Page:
I was working as a professional strength and conditioning coach and I wanted to find something that would mean my shoulders would permanently stay located in their proper place. I’d done all the physio work in the book and none of it had worked. I thought that if I could learn to handstand, that would give me some confidence.
So, whilst overlooking the ocean on a visit to South Africa’s Western Cape the journey began. I was 33 years old at the time and had no gymnastics experience. Over the next 2 weeks I failed a lot and was entirely humbled by my lack of ability, but I loved it! After sharing my experience with Jacko, who I had recently met at church we started playing around in the gym. Literally messing about and having fun whilst trying to figure out how to do things that felt “impossible.”
Throughout my career I’d experienced a number of head injuries until the last one stopped me from playing in 2014. Without having a game at the weekend to work towards, I still found myself continuing to do what I had always done. I remember one day being stood in front of a mirror doing bicep curls and thought ‘what I am doing’!
At the same time Tim had started playing with some calisthenics so I thought I’d join him. With such a long training background I was pretty confident until I tried to do a frogstand for the first time and hit my face on the floor! But there was something about having to leave my ego to one side and learn to move in a new way that was addictive and fun.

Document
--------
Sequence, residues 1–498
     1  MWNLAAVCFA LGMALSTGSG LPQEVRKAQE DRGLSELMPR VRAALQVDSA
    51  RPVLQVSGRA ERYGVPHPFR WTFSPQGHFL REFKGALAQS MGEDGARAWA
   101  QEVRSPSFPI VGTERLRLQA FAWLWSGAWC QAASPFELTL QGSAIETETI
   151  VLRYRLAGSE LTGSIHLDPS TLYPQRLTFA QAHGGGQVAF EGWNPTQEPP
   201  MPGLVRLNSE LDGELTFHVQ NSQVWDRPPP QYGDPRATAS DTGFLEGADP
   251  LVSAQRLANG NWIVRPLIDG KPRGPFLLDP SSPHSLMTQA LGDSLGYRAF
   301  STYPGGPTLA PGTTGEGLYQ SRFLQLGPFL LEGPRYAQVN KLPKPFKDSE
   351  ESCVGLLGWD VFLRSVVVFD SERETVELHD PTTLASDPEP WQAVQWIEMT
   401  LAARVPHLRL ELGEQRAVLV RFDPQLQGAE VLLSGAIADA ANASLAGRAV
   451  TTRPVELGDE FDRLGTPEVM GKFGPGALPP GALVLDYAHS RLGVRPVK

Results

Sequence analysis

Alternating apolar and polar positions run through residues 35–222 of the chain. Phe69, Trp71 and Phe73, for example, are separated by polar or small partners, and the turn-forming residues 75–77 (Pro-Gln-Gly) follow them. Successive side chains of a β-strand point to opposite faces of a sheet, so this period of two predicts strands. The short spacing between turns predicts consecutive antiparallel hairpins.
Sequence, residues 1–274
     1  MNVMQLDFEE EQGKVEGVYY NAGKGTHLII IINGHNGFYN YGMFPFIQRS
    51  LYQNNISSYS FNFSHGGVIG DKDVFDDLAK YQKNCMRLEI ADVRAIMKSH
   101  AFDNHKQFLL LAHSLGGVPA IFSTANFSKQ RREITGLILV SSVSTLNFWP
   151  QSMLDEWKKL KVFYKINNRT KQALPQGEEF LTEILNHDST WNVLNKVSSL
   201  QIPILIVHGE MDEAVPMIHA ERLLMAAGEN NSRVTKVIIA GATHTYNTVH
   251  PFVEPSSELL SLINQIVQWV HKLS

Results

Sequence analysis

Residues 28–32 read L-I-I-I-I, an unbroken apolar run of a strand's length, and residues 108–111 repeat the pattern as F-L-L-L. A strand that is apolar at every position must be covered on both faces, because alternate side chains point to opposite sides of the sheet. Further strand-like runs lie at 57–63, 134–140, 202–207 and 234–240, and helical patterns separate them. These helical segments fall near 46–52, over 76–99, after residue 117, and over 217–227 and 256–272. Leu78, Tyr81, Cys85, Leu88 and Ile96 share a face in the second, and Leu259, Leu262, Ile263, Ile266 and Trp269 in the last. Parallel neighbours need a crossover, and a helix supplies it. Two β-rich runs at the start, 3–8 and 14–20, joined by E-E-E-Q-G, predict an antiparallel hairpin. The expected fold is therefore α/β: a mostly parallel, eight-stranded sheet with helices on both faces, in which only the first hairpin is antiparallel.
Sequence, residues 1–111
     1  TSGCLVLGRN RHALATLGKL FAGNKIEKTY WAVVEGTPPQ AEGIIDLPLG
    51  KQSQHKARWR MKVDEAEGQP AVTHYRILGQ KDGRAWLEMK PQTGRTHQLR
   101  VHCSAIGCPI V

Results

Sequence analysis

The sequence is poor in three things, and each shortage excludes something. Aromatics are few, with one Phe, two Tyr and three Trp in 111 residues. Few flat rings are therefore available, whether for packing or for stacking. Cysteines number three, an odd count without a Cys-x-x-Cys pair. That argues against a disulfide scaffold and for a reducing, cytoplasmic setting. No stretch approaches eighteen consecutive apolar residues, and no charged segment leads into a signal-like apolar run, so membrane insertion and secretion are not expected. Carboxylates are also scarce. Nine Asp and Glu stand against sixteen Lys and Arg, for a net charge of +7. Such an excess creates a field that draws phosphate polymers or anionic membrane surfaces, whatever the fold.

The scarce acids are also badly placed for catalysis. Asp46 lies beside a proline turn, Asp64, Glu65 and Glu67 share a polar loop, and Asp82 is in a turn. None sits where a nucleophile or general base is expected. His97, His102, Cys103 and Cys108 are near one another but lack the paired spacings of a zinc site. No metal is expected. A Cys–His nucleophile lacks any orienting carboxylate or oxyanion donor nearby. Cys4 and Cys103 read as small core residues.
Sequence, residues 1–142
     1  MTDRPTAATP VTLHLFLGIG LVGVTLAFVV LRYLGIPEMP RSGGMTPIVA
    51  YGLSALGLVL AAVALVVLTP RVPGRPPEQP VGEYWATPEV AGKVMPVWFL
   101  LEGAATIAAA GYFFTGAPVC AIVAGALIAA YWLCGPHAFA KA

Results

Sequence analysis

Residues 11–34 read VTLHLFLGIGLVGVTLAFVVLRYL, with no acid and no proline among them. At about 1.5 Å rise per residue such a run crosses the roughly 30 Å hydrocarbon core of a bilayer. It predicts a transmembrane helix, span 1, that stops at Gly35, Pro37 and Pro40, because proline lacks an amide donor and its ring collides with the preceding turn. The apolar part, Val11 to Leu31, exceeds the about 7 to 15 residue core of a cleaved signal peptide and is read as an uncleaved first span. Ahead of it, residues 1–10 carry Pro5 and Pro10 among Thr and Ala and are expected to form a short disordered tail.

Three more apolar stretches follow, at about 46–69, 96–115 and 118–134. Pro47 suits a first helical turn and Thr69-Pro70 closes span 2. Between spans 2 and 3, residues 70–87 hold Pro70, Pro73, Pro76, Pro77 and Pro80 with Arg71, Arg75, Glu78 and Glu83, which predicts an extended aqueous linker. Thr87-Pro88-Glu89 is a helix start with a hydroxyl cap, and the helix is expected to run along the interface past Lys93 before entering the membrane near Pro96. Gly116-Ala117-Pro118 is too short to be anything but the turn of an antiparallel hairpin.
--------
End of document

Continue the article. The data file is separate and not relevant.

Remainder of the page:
This means that over the years we have learnt to see the human body and the training environment in a unique way. When we combined this with a detailed understanding of exercise and human movement science we were able to unpick the calisthenics moves we wanted to learn starting with the human flag and back lever.
We had to go back to the basics ourselves because there was a lack of good quality educational information available. Most people teaching calisthenics had a gymnastics background and no one was making it accessible to two broken rugby players in their thirties with busted shoulders!
Everyone laughed at us in the beginning and then we learnt a few things. Soon after people wanted us to teach them, so we put on a workshop and taught a group to do the human flag in 7 weeks.
We have created a progressive and systematic approach built on exercise science and years of coaching experience that can teach anyone, any move in calisthenics. It’s just a matter of following the process, earning the right to progress and redefining your impossible.